An artistic impression of how the Newport Medieval ship may have looked .
David Jordan/Newport Museums and Heritage Service
The Newport medieval ship is the most complete section of a 15th-century European vessel discovered to date.
The ferocious dinosaur.
Our new study has found younger tyrannosaurs would have hunted small prey.
A live reconstruction of Anteosaurus attacking a herbivorous Moschognathus.
Artwork by Alex Bernardini @SimplexPaléo
Because of its skeleton’s heavy architecture, scientists have always assumed that Anteosaurus was a rather sluggish, slow-moving animal, only capable of scavenging or ambushing its prey, at best.
Radiotherapy tattoos help ensure a patient is properly placed beneath the machine.
Tattoos might be the norm, but Surface Guided RadioTherapy for breast cancer is both more accurate, and doesn’t require a permanent mark.
David Herraez Calzada / Shutterstock
New technology means museums can return items to their countries of origin while still representing those cultures in fair, interesting ways.
Davide Tanasi scans an artifact from the Farid Karam collection.
Davide Tanasi, a digital archaeologist, thinks it’s a pity when historical artifacts are locked away in storage. He’s working to fix this by sharing them as 3D models.
Notre-Dame de Paris in all its digital splendour – virtual reality and immersive mediation.
Art Graphique & Patrimoine
After the tragic fire at Notre-Dame de Paris, planning for an ambitious reconstruction is already underway – and the latest digital technologies will be at the forefront.
Libraries are offering new and innovative things that belie their historic image as silent places to read.
With advancements in technology, libraries are offering much more than something to read. A library researcher offers a sampling of some unexpected items that library patrons can check out these days.
A cross section of a fractal pattern, created by a laser in the Wits Structured Light Laboratory.
Nature can produce fractals, computers can, too. Could light be a fractal? The answer is yes.
A 3D model of the skeleton of a European polecat. Penis bone (baculum) is highlighted in pink.
Charlotte A. Brassey
Our study used innovative 3D scanning and engineering-inspired computer simulations to understand the evolution of the penis bone in some mammals.
What does a machine see when it looks at you?
When people see their bodies in 3D, they feel worse about themselves and more negative in general. That might not put shoppers in a buying mood even for clothes that fit better.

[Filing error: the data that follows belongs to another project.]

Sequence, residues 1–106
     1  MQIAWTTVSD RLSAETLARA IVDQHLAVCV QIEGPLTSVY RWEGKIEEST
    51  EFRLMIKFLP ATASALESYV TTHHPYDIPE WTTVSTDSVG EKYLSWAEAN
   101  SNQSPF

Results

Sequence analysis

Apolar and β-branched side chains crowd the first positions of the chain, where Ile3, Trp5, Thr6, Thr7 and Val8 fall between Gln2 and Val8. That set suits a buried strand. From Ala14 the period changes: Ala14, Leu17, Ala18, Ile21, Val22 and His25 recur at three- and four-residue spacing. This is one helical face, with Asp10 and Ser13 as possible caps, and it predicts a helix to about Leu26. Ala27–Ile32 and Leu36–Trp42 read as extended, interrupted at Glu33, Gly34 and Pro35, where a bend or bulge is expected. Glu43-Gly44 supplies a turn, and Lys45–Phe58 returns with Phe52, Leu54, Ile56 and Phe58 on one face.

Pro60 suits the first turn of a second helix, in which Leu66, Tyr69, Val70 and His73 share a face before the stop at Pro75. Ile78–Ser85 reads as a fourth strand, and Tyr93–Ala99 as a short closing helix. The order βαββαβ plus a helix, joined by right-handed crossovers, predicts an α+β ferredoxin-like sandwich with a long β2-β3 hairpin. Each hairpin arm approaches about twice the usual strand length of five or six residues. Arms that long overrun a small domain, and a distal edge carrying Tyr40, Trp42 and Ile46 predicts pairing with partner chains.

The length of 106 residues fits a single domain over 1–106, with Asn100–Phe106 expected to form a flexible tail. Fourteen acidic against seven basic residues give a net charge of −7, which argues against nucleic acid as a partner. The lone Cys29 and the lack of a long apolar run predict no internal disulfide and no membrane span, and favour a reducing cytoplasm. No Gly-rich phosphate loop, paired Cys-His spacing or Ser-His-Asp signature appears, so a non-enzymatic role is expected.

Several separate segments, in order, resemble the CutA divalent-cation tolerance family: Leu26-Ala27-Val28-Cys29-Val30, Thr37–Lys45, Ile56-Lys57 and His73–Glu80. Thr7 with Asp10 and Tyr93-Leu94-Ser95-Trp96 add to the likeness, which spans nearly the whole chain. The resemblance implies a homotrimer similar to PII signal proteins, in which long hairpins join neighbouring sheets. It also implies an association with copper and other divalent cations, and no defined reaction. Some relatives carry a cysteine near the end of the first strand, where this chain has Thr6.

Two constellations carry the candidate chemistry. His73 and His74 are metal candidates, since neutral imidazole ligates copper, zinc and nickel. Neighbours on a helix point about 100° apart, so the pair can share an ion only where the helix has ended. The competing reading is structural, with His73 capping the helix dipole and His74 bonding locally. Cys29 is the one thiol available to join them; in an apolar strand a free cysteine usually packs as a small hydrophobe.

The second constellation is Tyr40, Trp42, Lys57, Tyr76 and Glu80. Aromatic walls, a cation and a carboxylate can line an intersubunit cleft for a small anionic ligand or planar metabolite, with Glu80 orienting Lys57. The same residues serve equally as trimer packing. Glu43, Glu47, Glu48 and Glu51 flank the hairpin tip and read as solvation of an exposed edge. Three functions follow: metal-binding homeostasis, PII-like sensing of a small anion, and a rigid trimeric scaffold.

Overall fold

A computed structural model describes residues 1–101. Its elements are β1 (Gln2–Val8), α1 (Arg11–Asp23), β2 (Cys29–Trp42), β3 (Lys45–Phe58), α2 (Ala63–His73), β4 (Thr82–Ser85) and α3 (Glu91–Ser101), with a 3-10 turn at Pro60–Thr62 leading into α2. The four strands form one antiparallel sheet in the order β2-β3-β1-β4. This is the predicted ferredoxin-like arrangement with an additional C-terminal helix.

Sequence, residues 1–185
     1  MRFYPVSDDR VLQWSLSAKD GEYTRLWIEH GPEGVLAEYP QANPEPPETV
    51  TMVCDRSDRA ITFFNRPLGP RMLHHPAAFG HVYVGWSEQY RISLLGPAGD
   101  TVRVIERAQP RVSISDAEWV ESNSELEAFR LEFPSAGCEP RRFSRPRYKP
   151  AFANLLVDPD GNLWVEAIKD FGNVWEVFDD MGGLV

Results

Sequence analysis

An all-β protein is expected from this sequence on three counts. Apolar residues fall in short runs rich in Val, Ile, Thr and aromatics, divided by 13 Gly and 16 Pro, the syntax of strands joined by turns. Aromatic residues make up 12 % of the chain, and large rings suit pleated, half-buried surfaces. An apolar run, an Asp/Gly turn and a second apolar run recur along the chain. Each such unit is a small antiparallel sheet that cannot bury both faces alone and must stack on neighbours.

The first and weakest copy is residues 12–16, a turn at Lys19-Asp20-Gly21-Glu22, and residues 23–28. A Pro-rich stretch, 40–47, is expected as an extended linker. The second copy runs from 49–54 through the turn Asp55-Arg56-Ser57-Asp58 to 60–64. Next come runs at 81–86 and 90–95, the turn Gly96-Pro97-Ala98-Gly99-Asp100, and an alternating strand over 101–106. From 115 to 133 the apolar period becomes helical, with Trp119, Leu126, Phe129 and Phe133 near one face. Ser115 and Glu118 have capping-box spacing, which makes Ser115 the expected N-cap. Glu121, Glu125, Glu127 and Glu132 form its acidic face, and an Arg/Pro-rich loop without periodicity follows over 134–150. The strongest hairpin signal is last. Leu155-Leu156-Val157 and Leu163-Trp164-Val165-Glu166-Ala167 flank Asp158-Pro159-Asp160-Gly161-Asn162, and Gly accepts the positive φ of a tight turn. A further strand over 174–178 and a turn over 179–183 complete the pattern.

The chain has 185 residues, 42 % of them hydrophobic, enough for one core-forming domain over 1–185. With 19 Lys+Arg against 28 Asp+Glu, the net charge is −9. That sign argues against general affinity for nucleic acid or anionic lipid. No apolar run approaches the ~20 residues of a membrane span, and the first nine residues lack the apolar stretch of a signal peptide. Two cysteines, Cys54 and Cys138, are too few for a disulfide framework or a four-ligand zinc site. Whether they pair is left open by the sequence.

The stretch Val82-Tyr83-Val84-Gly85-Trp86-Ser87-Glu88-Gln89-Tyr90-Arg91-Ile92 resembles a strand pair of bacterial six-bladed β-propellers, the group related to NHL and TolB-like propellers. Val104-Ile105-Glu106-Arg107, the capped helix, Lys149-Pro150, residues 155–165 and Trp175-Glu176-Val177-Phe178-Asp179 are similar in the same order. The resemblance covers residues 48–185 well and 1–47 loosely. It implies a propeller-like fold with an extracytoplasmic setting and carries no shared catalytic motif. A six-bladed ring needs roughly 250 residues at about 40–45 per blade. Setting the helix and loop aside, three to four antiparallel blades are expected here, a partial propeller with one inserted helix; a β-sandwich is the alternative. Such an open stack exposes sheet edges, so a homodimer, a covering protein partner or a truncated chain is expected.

The possible join between the fragments of an ancient epic written in cuneiform in London and Geneva has been speculated for over 50 years.
The adaptable form of pleated and folded textiles provides a real world view of the mathematical field of topology.
Art can help us explore and understand some of the more abstract ideas in maths - such a topology.
A streamlined Lizzie Yarnold sliding her way to gold.
The science behind the suits that gave Britain’s medal-winning athletes a crucial speed boost.
Could scanning a QR code be an invitation to malware?
Scanning physical items constructed with nefarious intent can introduce malware into a smartphone or computer.
Cryo-electron microscopy resolution continues to improve.
Veronica Falconieri, Sriram Subramaniam, National Cancer Institute, National Institutes of Health
The 2017 Nobel Prize in chemistry goes to three scientists who revolutionized biochemistry by inventing a technology that can image the molecules of life without destroying them.
A baby Hawaiian bobtail squid, measuring just 1.5cm across, is pictured using photomacrography.
Mark R Smith/Macroscopic Solutions
A better understanding of science among ordinary people validates the vast amounts of public funds spent on scientific research.
Poul Henningsen’s Artichoke Lamp, viewed from below at London’s Park Plaza Hotel.
Doc Searls/Wikimedia Commons
We asked five design experts – what’s your favorite product of all time, and why?
A virtual reality scene – one for each eye – of a haunted ride.
The virtual reality rides of the early 20th century are now being documented in digital VR.
The earliest hominin cancer.
Patrick Randolph-Quinney (University of Central Lancashire/University of the Witwatersrand)
Cancer is not the modern disease many believe it to be. New fossil evidence from two South African caves suggests that its origins lie deep in prehistory.